WhatsInACell-notes

WhatsInACell-notes - Whats in a cell W hat are cells?...

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© M. S. Shell 2009 1/12 last modified 9/29/2010 What’s in a cell What are cells? Basic, most fundamental unit of life Diversity and characteristics size: micrometers (bacterial) to millimeter (egg cells) shape: spherical (bacteria), highly extended (human nerve), hairy (paramecium), tailed (bacteria) What’s in common: DNA – genetic information, recipes o genome is the information o evolution acts upon the information through mutations of DNA to create new species and species diversity RNA – copies of recipes sent to protein factories proteins – the “worker” molecules that accomplish many biomolecular functions Basic categories of cells: prokaryotes – no nucleus o bacteria – most familiar o archea – hostile environments (acidic, high temperature) eukaryotes – has nucleus, typically bigger in size o plants, animals, fungi How is a cell similar to or different from chemical processing? Similar: unit operations = specialized molecules, processes, compartments, organelles that are reused again and again
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© M. S. Shell 2009 2/12 last modified 9/29/2010 master control = DNA energy optimization many steps often required to accomplish simple cell behavior limited by same laws of physics: thermodynamics, kinetics, transport Different: much smaller; interfacial interactions can play very important roles very robust redundancies and error-correction for chemical processes highly heterogeneous, crowded mixtures most processes happen in much smaller molecular copy numbers b need to consider molecular behavior that is often different from bulk b random fluctuations can be significant [ex: concentration profile] Interactions All cellular molecular building blocks are governed by the same kinds of interactions and physiochemical processes that dictate the properties of nonliving things in nature and in synthetic chemicals and materials. A critical challenge is identifying how these interactions result in much more complex behavior in living systems than in synthetic ones. At a fundamental level, all interactions are described by electrostatics due to electron clouds interacting with nuclei. A quantum description is ultimately required, but we can find simple common ways that the quantum behavior manifests. Here we will take a simple picture in understanding what interactions between two atoms entail. It will be important to consider their pairwise separation distance g : at large separation distances – energy should be zero (normalization condition) attractive – negative, decreasing interaction energy when atoms come close repulsive – positive, increasing interaction energy when atoms come close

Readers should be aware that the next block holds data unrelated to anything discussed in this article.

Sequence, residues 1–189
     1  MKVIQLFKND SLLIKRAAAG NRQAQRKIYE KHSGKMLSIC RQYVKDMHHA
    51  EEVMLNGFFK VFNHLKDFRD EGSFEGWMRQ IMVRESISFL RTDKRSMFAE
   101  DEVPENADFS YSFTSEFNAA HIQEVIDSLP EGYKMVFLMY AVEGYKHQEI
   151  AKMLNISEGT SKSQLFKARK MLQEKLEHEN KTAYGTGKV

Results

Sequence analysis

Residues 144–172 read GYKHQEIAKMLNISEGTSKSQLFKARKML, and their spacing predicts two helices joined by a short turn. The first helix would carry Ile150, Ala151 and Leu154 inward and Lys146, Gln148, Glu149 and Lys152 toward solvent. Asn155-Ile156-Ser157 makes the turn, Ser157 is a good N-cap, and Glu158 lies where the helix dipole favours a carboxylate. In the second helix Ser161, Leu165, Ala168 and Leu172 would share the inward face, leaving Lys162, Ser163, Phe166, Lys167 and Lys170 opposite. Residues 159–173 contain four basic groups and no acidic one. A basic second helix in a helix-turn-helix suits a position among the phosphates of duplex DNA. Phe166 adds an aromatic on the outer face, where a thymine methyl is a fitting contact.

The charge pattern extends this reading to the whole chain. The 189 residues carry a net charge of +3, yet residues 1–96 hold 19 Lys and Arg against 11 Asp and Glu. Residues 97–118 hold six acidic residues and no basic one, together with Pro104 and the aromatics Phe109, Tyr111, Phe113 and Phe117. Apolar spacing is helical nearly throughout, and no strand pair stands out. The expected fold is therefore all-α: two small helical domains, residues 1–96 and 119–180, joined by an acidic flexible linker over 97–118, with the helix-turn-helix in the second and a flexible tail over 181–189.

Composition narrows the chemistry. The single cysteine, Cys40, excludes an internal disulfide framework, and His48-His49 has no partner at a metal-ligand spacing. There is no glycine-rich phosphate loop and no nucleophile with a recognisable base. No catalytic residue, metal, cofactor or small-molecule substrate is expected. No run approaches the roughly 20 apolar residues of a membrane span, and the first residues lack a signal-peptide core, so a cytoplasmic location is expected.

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© M. S. Shell 2009 3/12 last modified 9/29/2010 Covalent bonds One of the strongest chemical interactions between atoms. Involves sharing electrons and emerges from the quantum mechanical solution. Magnitude is typically 100 kcal/mol
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WhatsInACell-notes - Whats in a cell W hat are cells?...

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